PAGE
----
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Stopping Iran By: Jamie Weinstein
North Star Writers Group | Wednesday, July 02, 2008


Twenty-seven years ago this month, the Israeli Air Force launched a surprise attack on Iraq's Osirak reactor. The mission was complex. Israel had to fly over hostile territory, Jordan and Saudi Arabia, undetected in order to reach the Iraqi reactor. Once there, they had to destroy Osirak and get out. There was good reason to believe that not all of the pilots that left Israel that day would return home.

But they did return home after destroying Saddam Hussein's nuclear program. The chance of a "second holocaust" was averted. While the Jewish state was initially universally condemned for their provocative military assault, the world community was much more thankful for their action less than a decade later when the world united to confront Saddam Hussein's aggression in the Gulf. Had Israel not acted that June day in 1981, history would have been far different. Let's just say that, at the very minimum, Kuwait would likely now be the 19th province of Iraq and Saddam Hussein a regional hegemon.

After Operation Desert Storm ended in 1991, then-Secretary of Defense Dick Cheney sent David Ivry, then Israel's ambassador to the United States, a present. The present was a satellite picture of the ruins of Osirak 10 years after Israel's daring operation. The photograph had a hand-written inscription that read: "For General David Ivry, with thanks and appreciation for the outstanding job he did on the Iraqi nuclear program in 1981 – which made our job much easier in Desert Storm." You see, Ivry was head of the Israeli Air Force in 1981. Over a decade after the U.S. and the world condemned Israel for their operation against Iraq, the U.S. Secretary of Defense thanked Israel for its mission.  

Today, there are reports that the Israeli Air Force is again intensely training for another daring military assault, this time against Iran's nuclear weapons program. The Iranian regime has said repeatedly that it seeks to destroy Israel. At least one Iranian leader has openly called for "a world without the United States." Israel is a small country. A nuclear attack against it would be the end of it as a nation. How can anyone expect Israel to tolerate a nuclear-armed state that has openly called for its destruction? And how can the United States and the West, in a post-9/11 world, tolerate a terrorist-sponsoring Islamist state with nuclear capabilities?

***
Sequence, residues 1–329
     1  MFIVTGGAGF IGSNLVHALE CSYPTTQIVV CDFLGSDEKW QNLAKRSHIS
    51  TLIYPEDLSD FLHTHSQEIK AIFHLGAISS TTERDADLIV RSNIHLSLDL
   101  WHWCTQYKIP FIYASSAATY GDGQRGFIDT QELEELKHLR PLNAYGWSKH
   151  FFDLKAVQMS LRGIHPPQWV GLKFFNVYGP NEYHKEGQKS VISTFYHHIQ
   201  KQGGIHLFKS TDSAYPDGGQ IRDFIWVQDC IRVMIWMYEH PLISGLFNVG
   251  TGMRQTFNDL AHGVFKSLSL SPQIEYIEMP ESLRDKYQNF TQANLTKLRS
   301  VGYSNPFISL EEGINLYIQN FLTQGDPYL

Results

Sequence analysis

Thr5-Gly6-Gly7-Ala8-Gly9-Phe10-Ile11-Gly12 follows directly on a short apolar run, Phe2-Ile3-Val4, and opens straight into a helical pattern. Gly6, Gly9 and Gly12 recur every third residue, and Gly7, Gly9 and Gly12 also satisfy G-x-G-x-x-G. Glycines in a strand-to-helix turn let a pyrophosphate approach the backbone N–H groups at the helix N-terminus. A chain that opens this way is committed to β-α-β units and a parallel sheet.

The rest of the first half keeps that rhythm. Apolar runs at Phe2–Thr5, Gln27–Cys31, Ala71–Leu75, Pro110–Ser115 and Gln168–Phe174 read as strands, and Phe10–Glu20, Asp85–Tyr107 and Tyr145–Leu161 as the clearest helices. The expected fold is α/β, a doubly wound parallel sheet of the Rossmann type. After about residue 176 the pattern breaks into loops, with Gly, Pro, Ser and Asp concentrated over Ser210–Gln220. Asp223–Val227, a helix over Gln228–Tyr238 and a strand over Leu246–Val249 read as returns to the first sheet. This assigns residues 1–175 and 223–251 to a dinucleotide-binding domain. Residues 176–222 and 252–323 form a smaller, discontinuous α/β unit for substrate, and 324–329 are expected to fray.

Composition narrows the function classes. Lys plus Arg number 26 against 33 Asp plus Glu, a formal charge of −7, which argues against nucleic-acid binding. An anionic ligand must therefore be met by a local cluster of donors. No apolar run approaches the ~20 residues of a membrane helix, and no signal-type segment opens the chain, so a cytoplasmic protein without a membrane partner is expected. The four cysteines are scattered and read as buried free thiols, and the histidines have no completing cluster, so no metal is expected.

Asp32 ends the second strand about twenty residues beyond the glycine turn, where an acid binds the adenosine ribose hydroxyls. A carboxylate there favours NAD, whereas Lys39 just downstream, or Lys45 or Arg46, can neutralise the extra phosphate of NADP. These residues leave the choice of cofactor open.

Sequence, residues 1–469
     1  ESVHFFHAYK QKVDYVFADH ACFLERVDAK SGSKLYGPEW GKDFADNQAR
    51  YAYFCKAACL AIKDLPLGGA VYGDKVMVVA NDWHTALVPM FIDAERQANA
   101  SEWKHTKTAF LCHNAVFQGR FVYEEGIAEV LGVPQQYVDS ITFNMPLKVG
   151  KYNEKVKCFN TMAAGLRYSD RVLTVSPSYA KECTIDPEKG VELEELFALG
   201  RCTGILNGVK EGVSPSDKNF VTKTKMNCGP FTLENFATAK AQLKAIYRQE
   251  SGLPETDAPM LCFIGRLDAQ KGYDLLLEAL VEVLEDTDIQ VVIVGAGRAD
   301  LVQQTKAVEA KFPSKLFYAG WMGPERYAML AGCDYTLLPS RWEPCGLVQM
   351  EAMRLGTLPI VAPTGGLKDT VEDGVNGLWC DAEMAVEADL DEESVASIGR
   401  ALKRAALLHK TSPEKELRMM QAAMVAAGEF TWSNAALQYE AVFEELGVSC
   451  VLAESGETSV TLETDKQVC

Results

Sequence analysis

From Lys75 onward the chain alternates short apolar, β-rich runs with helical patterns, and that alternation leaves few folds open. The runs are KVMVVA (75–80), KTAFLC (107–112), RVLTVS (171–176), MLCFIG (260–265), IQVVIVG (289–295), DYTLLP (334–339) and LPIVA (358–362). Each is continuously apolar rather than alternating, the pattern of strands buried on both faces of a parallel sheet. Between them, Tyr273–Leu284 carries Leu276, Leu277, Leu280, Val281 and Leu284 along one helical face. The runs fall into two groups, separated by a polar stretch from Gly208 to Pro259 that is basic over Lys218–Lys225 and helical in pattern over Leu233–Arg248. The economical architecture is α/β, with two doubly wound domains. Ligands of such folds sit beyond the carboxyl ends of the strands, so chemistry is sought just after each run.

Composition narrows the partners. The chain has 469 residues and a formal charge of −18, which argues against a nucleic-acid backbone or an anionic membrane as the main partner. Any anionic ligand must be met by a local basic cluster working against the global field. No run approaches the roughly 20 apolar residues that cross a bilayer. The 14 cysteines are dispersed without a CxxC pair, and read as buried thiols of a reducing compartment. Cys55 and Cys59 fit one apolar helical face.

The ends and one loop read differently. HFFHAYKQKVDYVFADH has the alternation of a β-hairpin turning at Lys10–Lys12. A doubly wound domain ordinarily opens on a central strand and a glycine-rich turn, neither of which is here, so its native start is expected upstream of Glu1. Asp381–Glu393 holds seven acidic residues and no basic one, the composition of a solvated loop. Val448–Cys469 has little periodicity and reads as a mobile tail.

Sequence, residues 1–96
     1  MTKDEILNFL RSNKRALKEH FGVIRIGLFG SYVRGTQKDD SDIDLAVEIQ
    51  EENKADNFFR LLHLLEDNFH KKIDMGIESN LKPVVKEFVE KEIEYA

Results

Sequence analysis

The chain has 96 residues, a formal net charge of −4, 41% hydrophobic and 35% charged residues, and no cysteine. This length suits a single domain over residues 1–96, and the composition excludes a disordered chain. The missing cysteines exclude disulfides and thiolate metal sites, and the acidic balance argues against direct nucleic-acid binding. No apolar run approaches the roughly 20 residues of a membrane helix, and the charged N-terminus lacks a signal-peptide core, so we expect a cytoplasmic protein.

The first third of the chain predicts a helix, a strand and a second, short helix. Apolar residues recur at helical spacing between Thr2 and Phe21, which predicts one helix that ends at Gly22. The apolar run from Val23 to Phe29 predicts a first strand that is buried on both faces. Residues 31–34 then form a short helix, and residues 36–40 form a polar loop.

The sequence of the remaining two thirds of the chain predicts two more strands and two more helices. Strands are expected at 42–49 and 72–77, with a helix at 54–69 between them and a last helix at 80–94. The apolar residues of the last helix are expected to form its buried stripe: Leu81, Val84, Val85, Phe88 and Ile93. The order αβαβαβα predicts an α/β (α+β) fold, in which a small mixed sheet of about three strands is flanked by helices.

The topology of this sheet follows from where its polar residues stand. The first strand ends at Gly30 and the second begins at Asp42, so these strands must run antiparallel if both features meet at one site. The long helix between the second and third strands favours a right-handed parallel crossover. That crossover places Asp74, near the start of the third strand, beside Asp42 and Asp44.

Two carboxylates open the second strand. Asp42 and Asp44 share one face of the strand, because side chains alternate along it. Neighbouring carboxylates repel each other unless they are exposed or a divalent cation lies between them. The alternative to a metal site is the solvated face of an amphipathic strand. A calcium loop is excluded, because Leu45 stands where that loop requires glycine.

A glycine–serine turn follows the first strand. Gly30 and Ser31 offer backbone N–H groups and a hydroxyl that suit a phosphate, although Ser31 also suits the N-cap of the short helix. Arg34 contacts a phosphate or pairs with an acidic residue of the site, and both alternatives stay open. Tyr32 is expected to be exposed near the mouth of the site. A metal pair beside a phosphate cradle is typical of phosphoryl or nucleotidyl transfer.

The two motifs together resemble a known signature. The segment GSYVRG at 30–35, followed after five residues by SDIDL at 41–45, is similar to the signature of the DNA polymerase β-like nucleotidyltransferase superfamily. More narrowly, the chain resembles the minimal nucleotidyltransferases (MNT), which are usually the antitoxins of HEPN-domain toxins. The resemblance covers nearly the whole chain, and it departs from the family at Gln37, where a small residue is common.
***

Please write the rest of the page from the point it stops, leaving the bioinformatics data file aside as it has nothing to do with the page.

An operation against Iranian nuclear facilities would be much more difficult than the Osirak operation was in 1981. Iranians have reportedly hidden their key nuclear installations deep underground, making them tough to hit. Furthermore, the consequences of such an attack, whether by America or Israel, could potentially be severe. American troops in Iraq could find themselves the targets of Iranian missiles. Iranian-sponsored Hezbollah could launch devastating terrorist operations throughout the world. The Straits of Hormuz – where a significant portion of the world's oil travels through on its way to market – could be mined, causing oil prices to skyrocket far higher than they already are. A worldwide economic depression has to be considered a possibility.

But an Iranian regime with nuclear capability would be terribly frightening. Iran could use its nuclear weapons capability to "wipe Israel off the map" as its president has promised, to attack America through its Hezbollah proxies or to dominate the Middle East through nuclear blackmail. Proliferation of nuclear weapons programs throughout the Arab world to counter Iran would be another likely consequence. America, Israel and the world would surely be in peril if a religiously minded Iranian state, which seemingly seeks to bring about messianic apocalypse, becomes a nuclear power.

Unfortunately, conventional notions of deterrence don't work against an enemy that doesn't care about its own survival. According to former Iranian President Ali Akbar Hashemi-Rafsanjani – a man many in the West consider a moderate – the "application of an atomic bomb would not leave anything in Israel but the same thing would just produce minor damages in the Muslim world." Got that? The Iranian "moderate" is saying that Iran would be willing to take the consequences of a nuclear counter attack.

President Bush must use all the tools in his arsenal short of war now to bring the world together in order to put maximum pressure on the Iranian state. He must inform the world in an Oval Office speech that the consequences of failing to stopping Iranian development of nuclear weapons will ultimately be war – whether that war is the West launching an attack to destroy the Iranian nuclear program or Iran obtaining a nuclear weapon and launching a nuclear attack some day against the West.

The time for action is now. If we can stop Iran through stiffer sanctions, an oil embargo or covert sabotage, then we must employ these options. All the tricks that we in the West have up our sleeve (let us hope there are a few) must be employed. Otherwise, the world will be thrust into a terrible catastrophe.

Jamie Weinstein is a syndicated columnist with North Star Writers Group.


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